My first thought was. “Damn it! A mouse stole my stash!”

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But then my second thought was “Damn, a mouse ate all three of those candies? Wouldn’t that kill him?” Then I thought, “Well, maybe it was more than one mouse.”

I then imagined what the conversation must have been between them about 4 hours after they ate my stash.


MOUSE 1: Whoa …

MOUSE 2: Have you ever thought that maybe the whole universe is just a single atom in a single molecule of a single cell that is part of a really big, really huge mouse?

MOUSE 3: Whoa …

MOUSE 1: Have you ever looked at your paws? I mean, really looked at them?

MOUSE 3: Whoa …

MOUSE 2: What were we talking about?


I forgot about the whole incident until the next night. Ellin and I were again watching TV when we heard a really odd, loud scratching sound coming from the kitchen. I got up and walked into the kitchen.  I found our mouse trying to open the lid to the wooden bin where we store our dry dog food.

Actual dog food box.( Note the TiVo box. It becomes relevant later)

He was so intent on what he was doing I was almost able to catch him and put him outside. But at the last second, he saw me and ran away. I then realized that if anybody needed proof that you can’t overdose on pot, I was looking at it. I couldn’t help but hum a variation of that song “High Hopes”.

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Everyone knows a mouse can’t,
Raise the lid of that box.
But he had high hopes,
He had high hopes,
He had high apple pie in the sky hopes.

And laughing to myself I went upstairs to go to sleep. I was awakened early the next morning to Ellin downstairs screaming.

TOM! THERE’S A MOUSE IN THE DOG FOOD!!!

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I ran downstairs and looked in the box. No mouse.

“Are you sure he was in there?” I asked my wife.

“Yes, he ran over my hand!!”

So, as my wife freaked out and I couldn’t stop laughing, both of our dogs glowered at us. Basically saying “Mouse, schmouse. Where the hell is our breakfast?”

Uh, Hello? Two dogs waiting for breakfast sitting here!

So now we have to put an old unused TiVo box on the dog food bin. Why a TiVo box? It was there. (I told you it would become relevant to the story)

The mouse is still in the house. He hasn’t come back upstairs in days. Maybe he left.  Maybe he’s still full. Maybe he’s just looking at his paws.

So there you have it. The tale of a mouse.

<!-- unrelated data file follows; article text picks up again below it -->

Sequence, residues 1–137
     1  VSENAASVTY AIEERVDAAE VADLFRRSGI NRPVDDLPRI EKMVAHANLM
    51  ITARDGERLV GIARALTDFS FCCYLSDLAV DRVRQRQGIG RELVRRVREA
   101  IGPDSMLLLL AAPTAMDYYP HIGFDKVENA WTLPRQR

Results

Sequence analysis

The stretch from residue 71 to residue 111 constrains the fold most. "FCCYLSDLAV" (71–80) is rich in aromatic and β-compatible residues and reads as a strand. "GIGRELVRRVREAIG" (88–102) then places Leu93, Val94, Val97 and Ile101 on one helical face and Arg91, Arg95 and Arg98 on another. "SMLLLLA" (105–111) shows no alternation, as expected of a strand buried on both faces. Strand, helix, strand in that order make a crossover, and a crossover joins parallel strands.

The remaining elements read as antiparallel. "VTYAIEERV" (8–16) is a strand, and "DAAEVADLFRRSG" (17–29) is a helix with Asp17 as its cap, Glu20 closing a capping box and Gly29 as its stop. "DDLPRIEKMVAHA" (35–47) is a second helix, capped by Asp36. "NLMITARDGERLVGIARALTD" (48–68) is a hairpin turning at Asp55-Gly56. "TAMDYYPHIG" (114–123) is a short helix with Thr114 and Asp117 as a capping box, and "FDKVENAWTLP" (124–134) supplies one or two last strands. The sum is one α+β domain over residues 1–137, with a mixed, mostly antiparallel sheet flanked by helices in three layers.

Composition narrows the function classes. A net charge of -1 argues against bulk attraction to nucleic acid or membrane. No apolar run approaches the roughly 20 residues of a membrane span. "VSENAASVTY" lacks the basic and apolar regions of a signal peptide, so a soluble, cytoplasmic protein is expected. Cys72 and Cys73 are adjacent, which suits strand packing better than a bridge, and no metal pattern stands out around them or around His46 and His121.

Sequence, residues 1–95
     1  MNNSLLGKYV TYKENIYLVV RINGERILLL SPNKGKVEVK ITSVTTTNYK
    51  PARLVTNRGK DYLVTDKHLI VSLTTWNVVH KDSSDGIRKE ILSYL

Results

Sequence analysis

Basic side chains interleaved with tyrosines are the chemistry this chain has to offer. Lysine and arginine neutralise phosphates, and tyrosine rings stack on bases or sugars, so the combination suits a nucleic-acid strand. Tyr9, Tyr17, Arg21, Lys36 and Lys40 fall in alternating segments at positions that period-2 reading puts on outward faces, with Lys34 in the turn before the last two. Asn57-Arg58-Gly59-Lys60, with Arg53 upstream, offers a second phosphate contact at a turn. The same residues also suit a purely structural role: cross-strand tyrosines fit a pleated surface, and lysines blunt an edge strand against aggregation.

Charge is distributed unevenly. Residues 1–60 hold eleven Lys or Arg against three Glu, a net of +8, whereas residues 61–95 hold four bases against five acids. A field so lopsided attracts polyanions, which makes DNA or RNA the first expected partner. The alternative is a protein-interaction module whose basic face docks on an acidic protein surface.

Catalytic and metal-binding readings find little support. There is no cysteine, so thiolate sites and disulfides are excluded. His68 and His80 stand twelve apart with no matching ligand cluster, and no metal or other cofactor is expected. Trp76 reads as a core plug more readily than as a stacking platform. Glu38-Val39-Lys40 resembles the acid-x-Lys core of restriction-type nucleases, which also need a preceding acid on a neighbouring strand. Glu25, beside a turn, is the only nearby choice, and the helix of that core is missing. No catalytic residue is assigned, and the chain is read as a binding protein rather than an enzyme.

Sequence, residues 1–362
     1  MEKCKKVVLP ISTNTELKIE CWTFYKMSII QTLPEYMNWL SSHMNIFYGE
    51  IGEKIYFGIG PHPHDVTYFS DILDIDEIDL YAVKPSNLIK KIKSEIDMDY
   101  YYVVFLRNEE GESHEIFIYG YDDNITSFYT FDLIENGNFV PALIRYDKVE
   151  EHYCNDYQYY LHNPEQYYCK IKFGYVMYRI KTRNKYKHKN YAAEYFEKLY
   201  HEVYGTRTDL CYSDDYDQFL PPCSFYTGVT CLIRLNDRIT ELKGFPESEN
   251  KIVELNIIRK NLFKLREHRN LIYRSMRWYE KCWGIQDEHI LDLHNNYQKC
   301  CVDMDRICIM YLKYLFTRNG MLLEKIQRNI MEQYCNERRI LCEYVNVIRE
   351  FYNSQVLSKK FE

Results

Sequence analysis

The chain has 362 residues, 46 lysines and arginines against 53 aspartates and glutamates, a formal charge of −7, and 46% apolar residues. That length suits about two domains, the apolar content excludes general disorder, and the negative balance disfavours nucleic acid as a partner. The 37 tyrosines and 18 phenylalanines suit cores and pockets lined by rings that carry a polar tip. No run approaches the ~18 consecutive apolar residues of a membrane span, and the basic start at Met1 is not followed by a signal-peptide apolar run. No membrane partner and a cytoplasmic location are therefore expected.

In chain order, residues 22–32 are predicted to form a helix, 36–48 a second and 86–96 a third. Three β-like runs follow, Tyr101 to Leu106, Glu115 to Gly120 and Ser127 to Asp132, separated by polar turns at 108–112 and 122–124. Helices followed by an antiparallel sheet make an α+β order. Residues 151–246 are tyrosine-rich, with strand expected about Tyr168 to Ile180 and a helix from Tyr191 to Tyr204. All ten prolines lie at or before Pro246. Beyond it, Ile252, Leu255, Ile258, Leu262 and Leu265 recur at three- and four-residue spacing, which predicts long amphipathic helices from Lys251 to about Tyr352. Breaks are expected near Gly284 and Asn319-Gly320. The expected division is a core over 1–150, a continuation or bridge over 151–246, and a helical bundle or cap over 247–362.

A mighty mouse.

A mighty, stoned mouse.

THE GOOD, THE BAD, THE OUT-OF-FOCUS | FUN FOTO CHALLENGE

Cee’s Fun Foto Challenge: Good and Bad


THE GOOD!
We were heading for the river, just a few miles down the road ... but the sun was setting faster than we could drive. So we stopped and from the side of the road, the setting sun was bright and beautiful against a darkening sky.

We were heading for the river, just a few miles down the road … but the sun was setting faster than we could drive. So we stopped and from the side of the road, the setting sun was bright and beautiful against a darkening sky.

THE BAD!
Do not let his look of innocence deceive you. This creature is bad to the bone. He lies like a dog! He steal food and toys! Bad, I tell you. Bad yet beloved.

Do not let his look of innocence deceive you. This creature is bad to the bone. He lies like a dog! He steals food and fuzzy toys! Bad, I tell you. Bad — yet beloved.

OUT-OF-FOCUS
Out of focus doesn't begin to cover it. I could not recreate this photograph because exactly why it turned out this way, I have no idea. Gibbs moved, but why is he almost transparent? Is this a new super-power of which I was previously unaware? If he can make himself invisible, that would explain a lot of strange goings-on around this house.

Out of focus doesn’t begin to cover it. I could not recreate this photograph because exactly why it turned out this way, I have no idea. Bonnie moved, but why is she transparent? Is this a new super-power of which I was previously unaware? If she can make herself invisible, that would explain a lot of strange goings-on around this house.

cee's fun foto chall

Showing Our Appreciation

Somehow, it’s so appropriate that today is squirrel appreciation day. I’m not sure why, but it is. This is a holiday I can wrap my brain around!

Evil Squirrel's Nest

Woohoo!  It's our day!!!!  OUR DAY!!!!!! Woohoo! It’s our day!!!! Just for us!!!

For the first time since I started the feature in the Fall of 2012, my weekly Saturday Squirrel post coincides with the biggest sciurine holiday of them all, National Squirrel sqturday squirrel logoAppreciation Day!  Celebrated every January 21st since 2001, it is a time for reflecting on the many positive qualities squirrels bring to our lives.  It is a time to love the species rather than curse its existence.  It is a time to celebrate the happiness and joy that we humans can get from these very special arboreal critters that can be found almost everywhere on earth!